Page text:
In the 80's, the average American did not know much about the policing of POCs, and many simply lived with the default assumption that they were treated fairly, given that there was high levels of trust in public institutions at the time; an inheritance of the general social unity formed after WW II and the decades of prosperity following. Thus, the Rodney King beating was a major shock to the American consciousness. Of course, POCs knew what the situation was like, but they were minorities with a weak voice. They did not have effective means by which they could raise awareness among the white population. Wide swaths of America simply took the Civil Rights Act as a done deal which solved the issues of race relations in America.

George Floyd was certainly not the first black person to die at the hands of police under controversial circumstances. But the protests that followed raised the issue of police brutality, race relations, disparate treatment of POCs by many institutions, and all the related issues in a way that few public campaigns had achieved in the past. There was no greater reckoning with racial tensions since the Civil Rights Era almost 60 years prior. Did the protests effect immediate change all across the country? No. Sure, there were a few outliers, such as token defunding movements in some cities. But in terms of actual change, most of it came down to corporations with a guilty conscience donating millions of dollars to BLM chapters (which itself turned out to be problematic, but that's a whole other ball of wax). The rest of the effects were more diffuse and harder to characterize. Surely there were many conversations among many folks who would never have bothered to discuss race relations had the protest not occurred. The protests forced America to discuss these issues to an extent that was not seen for half a century. That is the most powerful outcome of protest.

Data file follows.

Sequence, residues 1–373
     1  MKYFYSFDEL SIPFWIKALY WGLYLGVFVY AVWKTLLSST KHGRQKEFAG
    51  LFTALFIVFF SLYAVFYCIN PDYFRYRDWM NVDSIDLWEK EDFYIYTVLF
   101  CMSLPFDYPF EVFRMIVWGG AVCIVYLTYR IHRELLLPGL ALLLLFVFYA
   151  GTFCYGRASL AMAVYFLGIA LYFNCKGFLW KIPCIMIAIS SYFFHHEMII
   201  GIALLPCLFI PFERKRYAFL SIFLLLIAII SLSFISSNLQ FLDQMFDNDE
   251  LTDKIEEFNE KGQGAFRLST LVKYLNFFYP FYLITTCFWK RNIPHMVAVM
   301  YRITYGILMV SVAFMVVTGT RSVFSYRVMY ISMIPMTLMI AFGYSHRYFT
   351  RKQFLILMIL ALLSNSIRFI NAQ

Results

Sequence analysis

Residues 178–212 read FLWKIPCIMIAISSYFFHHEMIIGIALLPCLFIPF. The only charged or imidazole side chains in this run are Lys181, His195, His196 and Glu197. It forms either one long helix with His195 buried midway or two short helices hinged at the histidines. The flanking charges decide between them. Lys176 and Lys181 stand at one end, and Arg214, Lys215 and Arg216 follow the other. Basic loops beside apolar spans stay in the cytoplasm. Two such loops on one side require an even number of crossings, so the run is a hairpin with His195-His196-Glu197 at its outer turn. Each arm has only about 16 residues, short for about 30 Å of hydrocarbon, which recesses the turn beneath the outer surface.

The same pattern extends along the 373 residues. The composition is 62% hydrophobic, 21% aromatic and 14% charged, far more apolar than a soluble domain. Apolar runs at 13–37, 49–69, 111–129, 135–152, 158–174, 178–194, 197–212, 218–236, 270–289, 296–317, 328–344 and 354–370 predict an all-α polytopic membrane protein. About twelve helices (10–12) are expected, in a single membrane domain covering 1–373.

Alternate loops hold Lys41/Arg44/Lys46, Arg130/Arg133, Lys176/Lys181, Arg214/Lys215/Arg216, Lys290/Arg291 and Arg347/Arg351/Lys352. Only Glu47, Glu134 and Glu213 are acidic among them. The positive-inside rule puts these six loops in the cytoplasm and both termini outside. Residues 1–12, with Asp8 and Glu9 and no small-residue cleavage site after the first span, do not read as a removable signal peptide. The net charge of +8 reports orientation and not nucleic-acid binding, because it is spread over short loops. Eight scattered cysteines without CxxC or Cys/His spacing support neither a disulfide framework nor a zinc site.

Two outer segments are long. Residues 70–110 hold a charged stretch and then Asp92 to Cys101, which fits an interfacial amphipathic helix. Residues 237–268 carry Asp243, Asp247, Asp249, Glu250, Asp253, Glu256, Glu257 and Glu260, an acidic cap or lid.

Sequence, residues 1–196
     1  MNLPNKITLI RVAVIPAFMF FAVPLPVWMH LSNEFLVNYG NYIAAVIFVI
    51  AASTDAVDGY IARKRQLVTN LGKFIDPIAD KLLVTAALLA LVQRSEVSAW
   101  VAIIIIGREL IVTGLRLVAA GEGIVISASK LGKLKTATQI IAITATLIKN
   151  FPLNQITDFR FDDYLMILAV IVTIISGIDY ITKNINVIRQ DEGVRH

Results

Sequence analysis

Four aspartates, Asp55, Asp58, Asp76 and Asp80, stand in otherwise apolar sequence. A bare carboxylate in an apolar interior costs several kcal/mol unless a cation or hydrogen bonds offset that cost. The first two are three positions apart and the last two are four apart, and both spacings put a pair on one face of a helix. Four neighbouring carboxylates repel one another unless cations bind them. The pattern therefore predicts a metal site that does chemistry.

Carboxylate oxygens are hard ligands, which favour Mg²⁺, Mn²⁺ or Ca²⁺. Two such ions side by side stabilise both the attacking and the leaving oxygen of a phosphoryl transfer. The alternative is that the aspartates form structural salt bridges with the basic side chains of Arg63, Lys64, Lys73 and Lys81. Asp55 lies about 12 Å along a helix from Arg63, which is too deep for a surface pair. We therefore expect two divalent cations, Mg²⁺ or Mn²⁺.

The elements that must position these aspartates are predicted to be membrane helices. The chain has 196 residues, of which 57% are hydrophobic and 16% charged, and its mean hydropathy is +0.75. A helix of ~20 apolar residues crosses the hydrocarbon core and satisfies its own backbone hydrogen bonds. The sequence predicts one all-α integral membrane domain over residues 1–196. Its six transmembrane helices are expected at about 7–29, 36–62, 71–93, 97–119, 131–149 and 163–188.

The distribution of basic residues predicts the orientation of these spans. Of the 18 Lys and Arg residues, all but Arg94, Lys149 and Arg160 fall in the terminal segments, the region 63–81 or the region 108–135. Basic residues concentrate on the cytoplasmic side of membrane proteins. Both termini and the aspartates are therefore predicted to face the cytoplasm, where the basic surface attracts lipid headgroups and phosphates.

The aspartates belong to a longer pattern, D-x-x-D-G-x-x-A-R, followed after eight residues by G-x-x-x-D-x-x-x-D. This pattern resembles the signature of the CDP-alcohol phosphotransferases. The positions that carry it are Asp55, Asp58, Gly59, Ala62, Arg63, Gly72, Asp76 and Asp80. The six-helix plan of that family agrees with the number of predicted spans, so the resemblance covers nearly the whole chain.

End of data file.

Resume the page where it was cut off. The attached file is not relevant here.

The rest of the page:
Social Contract